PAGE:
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11 Apr 2019

2019 Federal Budget Recap

The Morrison Government is
touting its 2019-2020 Federal Budget as one that includes something for
everyone whilst getting the nation’s balance sheet back in the black. Key call-outs
include changes to the low-mid tax offsets for individuals, an increase to the
limit for immediate tax deduction of capital assets to $30,000 coinciding with
an extension to the turnover threshold, allowing access by medium sized
businesses. There were also several increased measures and spending in relation
to tax avoidance in general.

To save you wading through a
gazillion pages, we’ve summarised the key measures that are most relevant to
our clients.

Personal Tax Reforms

Don’t book that holiday to Bali
just yet. Whilst there are proposed changes to personal income tax rates, these
are not proposed for introduction until 2022. However, from 1 July 2019 it has
been proposed to increase the low and middle income tax offset (LMITO) from
$530 to $1,080. 

LMITO current

$0 – $37,000 Up to $200
$37,001 – $48,000 $200 +3% of excess over
$37,000
$48,001 – $90,000 $530
$90,001 – $125,333 $530 – 1.5% of excess over
$90,000
$125,334+ Nil

LMITO proposed

$0 – $37,000 Up to $255
$37,001 – $48,000 $255 + 7.5% of excess over
$37,000
$48,001 – $90,000 $1,080
$90,001 – $126,000 $1,080 – 3% of excess over
$90,000
$126,001+ Nil

Tax rates

Based on the announced changes,
effective from 2024 – 2025, there would be just three personal income tax rates
– 19%, 30% and 45%.

Tax rates and income thresholds

It’s also proposed the maximum threshold
of the 19% personal income tax bracket be increased from $41,000 to $45,000
effective from 1 July 2022.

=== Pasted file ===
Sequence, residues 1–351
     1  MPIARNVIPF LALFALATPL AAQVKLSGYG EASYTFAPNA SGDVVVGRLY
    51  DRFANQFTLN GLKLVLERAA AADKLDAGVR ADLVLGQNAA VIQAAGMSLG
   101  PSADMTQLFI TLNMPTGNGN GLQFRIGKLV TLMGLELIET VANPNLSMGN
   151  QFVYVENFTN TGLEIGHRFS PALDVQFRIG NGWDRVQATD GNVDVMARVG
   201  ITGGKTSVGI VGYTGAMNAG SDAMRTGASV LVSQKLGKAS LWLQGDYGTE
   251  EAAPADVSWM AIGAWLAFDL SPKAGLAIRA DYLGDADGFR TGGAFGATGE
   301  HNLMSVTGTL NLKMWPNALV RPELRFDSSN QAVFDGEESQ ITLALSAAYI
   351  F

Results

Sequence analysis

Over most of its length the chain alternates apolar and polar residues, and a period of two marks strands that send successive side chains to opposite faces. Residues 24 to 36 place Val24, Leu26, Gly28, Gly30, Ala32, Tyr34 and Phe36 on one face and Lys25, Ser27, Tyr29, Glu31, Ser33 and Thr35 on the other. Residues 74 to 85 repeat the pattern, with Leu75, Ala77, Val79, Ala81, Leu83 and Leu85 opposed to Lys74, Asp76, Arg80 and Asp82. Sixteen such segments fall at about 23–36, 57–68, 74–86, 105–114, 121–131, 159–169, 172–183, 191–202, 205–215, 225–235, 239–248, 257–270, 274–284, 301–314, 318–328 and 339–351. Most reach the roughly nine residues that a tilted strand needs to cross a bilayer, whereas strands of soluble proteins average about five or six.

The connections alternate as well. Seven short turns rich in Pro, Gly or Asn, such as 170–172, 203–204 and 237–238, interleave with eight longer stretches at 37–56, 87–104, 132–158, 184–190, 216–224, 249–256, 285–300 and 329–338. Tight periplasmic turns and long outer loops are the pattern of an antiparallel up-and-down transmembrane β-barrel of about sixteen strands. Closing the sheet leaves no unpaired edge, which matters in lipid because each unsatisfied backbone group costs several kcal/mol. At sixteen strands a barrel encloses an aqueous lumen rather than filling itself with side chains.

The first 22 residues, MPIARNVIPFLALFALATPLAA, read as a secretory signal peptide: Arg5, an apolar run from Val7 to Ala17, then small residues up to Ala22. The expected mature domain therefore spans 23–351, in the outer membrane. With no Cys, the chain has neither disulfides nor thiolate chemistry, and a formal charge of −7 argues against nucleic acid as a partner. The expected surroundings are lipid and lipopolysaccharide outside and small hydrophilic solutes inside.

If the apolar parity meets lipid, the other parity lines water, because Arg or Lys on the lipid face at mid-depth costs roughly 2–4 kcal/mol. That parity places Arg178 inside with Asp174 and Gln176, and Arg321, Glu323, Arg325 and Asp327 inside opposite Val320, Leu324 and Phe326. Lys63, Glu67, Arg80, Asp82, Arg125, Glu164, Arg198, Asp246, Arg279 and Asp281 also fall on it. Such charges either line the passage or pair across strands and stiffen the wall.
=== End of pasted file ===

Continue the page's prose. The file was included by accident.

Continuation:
Tax rates in 2017-18 Thresholds in 2017-18 New rates in 2024-25 New thresholds in 2024-25
Nil $0
– $18,200
Nil $0
– $18,200
19% $18,201 – 37,000 19% $18,201 – $45,000
32.5% $37,001 – $87,000 30% $45,001 – $200,000
37% $87,001 – $180,000
45% Above $180,000 45% Above $200,000
LITO in 2017-18 Up to $445 LITO in 2024-25 Up to $700

Medicare

An amendment has also been
proposed to the legislation to increase the Medicare levy low income thresholds
for 2018-19.

For singles, this will be
increased from $21,980 to $22,398; for couples with no children the family
income threshold will go from $37,089 to $37,749 with each dependent child or
student increasing from $3,406 to $3,471.

Business Tax Highlights

A sweetener for small and now
medium business owners, is the previous Small Business instant asset write-off
is being extended to apply to medium sized business with turnover up to $50
million, with an increase in the write-off threshold for assets costing less
than $30,000 applicable immediately from budget night 2 April 2019.

Superannuation

The government is proposing an
increase in the age limit to 66 for voluntary super contributions from 1 July
2020, where no work test applies, along with an increase in the age limit to 74
for spouse contributions.  

Div7A Proposed Changes

The proposed amendments to Div7A
that were set to commence on 1 July 2019, have been delayed to 1 July
2020.  The most prominent amendments include, allowing for a maximum  10 year loan agreement with annual repayments
of principal and interest to prevent a deemed dividend arising; transitional
rules to align existing loans into the 10 year loan model, with existing 25
year loans being largely exempt from the new rules until 30 June 2021; and
existing unpaid present entitlements arising between 16 December 2009 and 30
June 2019 will now be brought within the scope of the new rules.

What do you think about the Morrison Government’s budget?
On the money, an election pleaser or profusely underwhelming?